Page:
People Joined Together, and the Work was Done
By Mary Jo Padgett, Co-Founder of Environmental and Conservation Organization (ECO)
As a way to celebrate the 40th anniversary of what’s now known as MountainTrue, I’ve been asked to reminisce with you about the “old days” of ECO. The Environmental and Conservation Organization, popularly known as ECO, was one of the three organizations that merged together in 2015 to become MountainTrue. What comes to my mind as I surf through my mental movie of those early years are the things that made it exciting then and now – the intelligent, creative people, progressive ideas, and responsible, thoughtful action that was ECO and continues as MountainTrue.
It started as an idea while chatting around the kitchen table in 1987. My husband, David Malpass, and I were doing just that – discussing, as we frequently did, local political issues that seemed to us to have negative impacts on the environment. Among the topics of the day: a county-wide discussion about building an incinerator in Fletcher as a way to dispose of garbage; an attempt to build an asphalt plant in Rugby on land that was a recognized wetland; and NCDOT’s unpopular idea to cut down several trees on Four Seasons Blvd. (which had been planted as part of Lady Bird Johnson’s national beautification program) for no better reason than to allow better visibility of billboards. In Henderson County, where we lived, there was no shortage of environmental concerns.
David and I were average, employed, concerned citizens – he was a high school vocational ed. teacher; I was an associate editor at The Mother Earth News magazine. We decided we wanted to connect to the folks we saw and heard speak about environmental issues at the many County Commissioner meetings we attended. We also wanted to find people who wanted to get outdoors and explore our locale. So, we decided to call a meeting to see if anyone would show up to watch a video and talk about wetlands. We issued a press release to invite like-minded citizens to attend a gettogether. And they did! The 35 hiker-environmentalists who attended that first meeting on September 23, 1987, became the backbone of what grew to become the Environmental and Conservation Organization. They brought good ideas, a propensity for action, and more people to the next meetings.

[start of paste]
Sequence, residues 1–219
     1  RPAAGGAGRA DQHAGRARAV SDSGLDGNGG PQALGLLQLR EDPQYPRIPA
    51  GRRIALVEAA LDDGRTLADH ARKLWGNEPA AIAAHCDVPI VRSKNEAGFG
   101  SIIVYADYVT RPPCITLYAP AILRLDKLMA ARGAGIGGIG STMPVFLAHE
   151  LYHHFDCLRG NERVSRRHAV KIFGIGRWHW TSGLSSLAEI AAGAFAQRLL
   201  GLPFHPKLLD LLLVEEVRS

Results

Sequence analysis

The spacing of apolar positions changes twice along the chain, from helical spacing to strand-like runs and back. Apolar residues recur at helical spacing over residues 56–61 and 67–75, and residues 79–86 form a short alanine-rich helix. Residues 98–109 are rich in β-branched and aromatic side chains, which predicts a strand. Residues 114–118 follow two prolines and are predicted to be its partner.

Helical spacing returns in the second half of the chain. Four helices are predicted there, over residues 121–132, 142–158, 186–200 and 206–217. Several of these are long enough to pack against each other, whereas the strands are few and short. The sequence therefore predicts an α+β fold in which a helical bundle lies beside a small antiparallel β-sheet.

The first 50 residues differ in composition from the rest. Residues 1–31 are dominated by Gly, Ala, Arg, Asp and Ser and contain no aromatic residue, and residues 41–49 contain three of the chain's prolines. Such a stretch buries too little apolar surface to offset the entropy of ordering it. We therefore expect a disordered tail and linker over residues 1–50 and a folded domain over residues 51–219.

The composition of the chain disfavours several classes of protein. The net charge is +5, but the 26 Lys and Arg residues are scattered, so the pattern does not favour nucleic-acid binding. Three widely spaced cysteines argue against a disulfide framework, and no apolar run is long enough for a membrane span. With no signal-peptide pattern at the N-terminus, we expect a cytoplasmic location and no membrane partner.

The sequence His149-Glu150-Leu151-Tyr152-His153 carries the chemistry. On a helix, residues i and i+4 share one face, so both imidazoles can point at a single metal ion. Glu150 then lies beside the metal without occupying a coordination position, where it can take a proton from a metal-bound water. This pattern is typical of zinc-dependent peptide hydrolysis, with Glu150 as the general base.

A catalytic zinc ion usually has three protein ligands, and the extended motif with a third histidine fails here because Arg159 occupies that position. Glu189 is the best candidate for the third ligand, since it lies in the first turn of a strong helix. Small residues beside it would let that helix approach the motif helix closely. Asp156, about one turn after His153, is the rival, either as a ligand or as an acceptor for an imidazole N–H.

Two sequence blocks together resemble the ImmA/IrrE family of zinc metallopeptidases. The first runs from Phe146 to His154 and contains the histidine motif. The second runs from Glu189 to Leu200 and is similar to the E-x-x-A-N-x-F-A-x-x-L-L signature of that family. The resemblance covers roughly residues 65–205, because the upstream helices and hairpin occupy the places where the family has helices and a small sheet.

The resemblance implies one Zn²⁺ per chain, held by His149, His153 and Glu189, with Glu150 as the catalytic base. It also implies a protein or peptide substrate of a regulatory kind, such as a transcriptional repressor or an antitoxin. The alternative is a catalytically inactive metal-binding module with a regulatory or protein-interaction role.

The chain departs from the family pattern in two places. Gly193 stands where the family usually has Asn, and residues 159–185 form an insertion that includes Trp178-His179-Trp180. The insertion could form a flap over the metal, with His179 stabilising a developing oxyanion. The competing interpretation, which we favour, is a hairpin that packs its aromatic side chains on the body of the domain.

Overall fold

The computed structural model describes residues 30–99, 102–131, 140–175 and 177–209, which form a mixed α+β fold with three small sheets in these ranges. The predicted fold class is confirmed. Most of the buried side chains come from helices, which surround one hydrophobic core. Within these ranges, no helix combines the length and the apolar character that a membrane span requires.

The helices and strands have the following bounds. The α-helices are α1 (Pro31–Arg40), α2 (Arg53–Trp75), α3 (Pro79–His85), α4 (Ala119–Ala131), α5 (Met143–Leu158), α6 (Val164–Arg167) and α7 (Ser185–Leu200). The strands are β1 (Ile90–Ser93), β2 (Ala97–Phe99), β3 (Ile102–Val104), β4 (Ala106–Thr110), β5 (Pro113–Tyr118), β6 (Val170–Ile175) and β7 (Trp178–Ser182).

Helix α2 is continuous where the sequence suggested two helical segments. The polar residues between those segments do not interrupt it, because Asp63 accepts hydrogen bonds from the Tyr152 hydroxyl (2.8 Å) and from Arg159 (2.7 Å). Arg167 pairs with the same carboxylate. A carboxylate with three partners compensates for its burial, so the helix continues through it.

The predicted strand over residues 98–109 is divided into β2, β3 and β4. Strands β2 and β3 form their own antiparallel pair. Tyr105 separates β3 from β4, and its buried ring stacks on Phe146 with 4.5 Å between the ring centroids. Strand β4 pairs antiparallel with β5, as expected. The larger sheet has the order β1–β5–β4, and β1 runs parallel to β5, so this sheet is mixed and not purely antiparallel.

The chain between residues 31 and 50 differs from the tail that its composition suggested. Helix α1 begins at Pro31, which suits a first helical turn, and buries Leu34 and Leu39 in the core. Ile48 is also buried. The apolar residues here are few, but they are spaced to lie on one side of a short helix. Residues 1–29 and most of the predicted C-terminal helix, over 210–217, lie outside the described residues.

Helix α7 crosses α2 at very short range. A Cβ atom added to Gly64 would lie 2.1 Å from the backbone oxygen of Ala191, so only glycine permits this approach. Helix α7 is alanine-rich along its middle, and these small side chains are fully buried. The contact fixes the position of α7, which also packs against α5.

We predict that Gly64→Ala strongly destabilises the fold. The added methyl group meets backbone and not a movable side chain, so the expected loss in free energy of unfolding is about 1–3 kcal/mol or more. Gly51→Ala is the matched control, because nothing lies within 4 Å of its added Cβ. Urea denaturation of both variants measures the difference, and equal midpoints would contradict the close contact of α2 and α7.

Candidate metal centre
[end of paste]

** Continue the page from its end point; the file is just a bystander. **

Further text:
We called it the Outing and Environmental Group, which for two years was managed from our kitchen table. Newsletters, program agendas, speakers, news announcements, projects, and finances were handled by us, the “founding couple.” Right away, the group had a big idea — build a Jackson Park Nature Trail. By 1990, the 1.5-mile trail was done (dedicated and officially opened on Earth Day that year). This was a growing group that liked to learn, hike, participate in political decision-making, and do environmental projects. It became clear to me that his organization needed an official structure.
Key folks hunkered down with us to hash out bylaws and create a nonprofit organization with a board of directors. In the process, the name became the Environmental and Conservation Organization (ECO), and by 1992, the 501(c)3 incorporation papers had been written, submitted, and approved by the State of North Carolina. Membership dues were established.
By 2007, ECO had nearly 500 members in Henderson County and beyond. Political advocacy and outdoor-oriented programming were plentiful and fruitful. Action was so profound that an army of ECO volunteers had received awards and recognition from the Governor; state, national, and local environmental agencies; and businesses. All efforts were focused on the goal of conserving the land that sustains us, keeping it safe, healthy, and productive. Our motto: take care of your own backyard.
David Malpass was a major force with ECO until our divorce in 1993. As co-founder, I served in various capacities over a 20-year span, from organizer to president of the board, PR chairman to interim executive director, and then as executive director from 1995 to 2007. I retired as executive director in 2007 and passed leadership on to others.
By 2015 a merger with other environmental groups in WNC seemed a good next step so that the productive meetings, exciting projects, and intelligent leaders could keep citizens engaged and the ideas and action continuing to flow. MountainTrue was born.
Photo: ECO volunteers do a presentation on recycling and composting for local school children